PROVIDENCE, R.I. (WPRI) – Buddy Cianci has made it official: he will never seek a taxpayer-funded pension from the city of Providence.
A WPRI.com review of city pension records shows the 74-year-old former mayor withdrew more than $200,000 in pension contributions and interest earned from his two tenures leading the capital city on Nov. 14, 2014, just 10 days after he lost his comeback bid to Democrat Jorge Elorza.
In cashing out the $209,169, Cianci agreed to waive his right to seek a pension from the city. During the campaign for mayor last year, he repeatedly said he had no plans to apply for a pension.
“They gave me what they owed me,” Cianci told WPRI.com Tuesday. “That’s what I put in over the years.”
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Cianci, who served as mayor for parts of four decades between 1975 and 2002 but was twice forced to resign following felony convictions, stunned political observers by entering last year’s mayoral race as an independent candidate. He lost to Elorza 52% to 45% before returning to his lucrative gig as a drive-time talk-show host on WPRO-AM.
In Providence, politicians who won office used to be eligible for two pensions: one as a city employee, and one as an elected official. The elected-official pension was eliminated in 2012. A review of city pension data last year showed Cianci held $193,574 in his Class A account and $15,596 in his elected-official account.
When former city employees wish to withdraw their contributions to the pension system, they’re asked to fill out two forms. One is for a return of accumulated pension contributions and the other for a return of the interest on those contributions.
In doing so, they agree to not seek a pension and acknowledge that they are subject to a 20% federal income tax withholding unless they roll that money over to an individual retirement account (IRA). Cianci did not say which option he chose.
Had Cianci applied for a pension, it is unclear whether the city would have granted it.
The Providence Retirement Board has the power to revoke pensions for former officials who are determined to have served the city dishonorably. Frank Corrente, a former Cianci aide who was convicted of corruption stemming from his tenure at City Hall, wound up getting a reduced pension after a long legal battle over whether he could collect it. In May, the state Supreme Court told the Superior Court to reconsider whether the city could award Corrente a partial pension.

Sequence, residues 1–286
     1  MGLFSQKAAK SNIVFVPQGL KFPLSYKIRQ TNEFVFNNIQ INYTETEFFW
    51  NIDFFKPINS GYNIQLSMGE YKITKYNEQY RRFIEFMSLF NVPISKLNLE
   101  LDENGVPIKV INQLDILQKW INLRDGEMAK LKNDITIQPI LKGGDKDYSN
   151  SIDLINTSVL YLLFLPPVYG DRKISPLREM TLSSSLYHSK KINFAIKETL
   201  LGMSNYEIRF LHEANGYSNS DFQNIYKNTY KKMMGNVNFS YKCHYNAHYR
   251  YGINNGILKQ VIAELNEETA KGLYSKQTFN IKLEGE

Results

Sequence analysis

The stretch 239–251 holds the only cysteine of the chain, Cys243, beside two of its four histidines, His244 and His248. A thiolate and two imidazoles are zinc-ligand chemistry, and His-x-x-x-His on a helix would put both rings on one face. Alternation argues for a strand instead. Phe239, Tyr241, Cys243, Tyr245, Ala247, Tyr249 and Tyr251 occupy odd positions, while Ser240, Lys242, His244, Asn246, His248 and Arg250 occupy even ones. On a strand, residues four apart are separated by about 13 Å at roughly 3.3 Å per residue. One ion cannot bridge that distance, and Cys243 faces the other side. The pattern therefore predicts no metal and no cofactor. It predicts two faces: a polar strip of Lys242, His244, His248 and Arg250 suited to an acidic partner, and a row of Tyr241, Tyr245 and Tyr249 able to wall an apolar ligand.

Cianci served as mayor from 1975 until 1984, but resigned after pleading no contest to assaulting a man he believed had a relationship with his ex-wife. He returned to City Hall in 1991 and led the city until 2002, when he resigned after being convicted on a corruption charge. He served more than four years in federal prison.
Providence’s pension fund was just 29% funded as of June 30, 2014, meaning its $357.7 million in assets would cover less than one-third of the retirement benefits the city has promised its workers over the years, according to The Segal Group, the city’s actuarial firm.
Separately, Mayor Jorge Elorza said this week he intends to implement a three-year corrective action plan that would allow the city to make its entire annual required contribution to the pension system by June 30 each year after Segal said it should only count money it has deposited into the pension system as of June 30 when it files annual financial reports. In the past, the city included the October payment as a receivable and counted it as an asset of the pension system.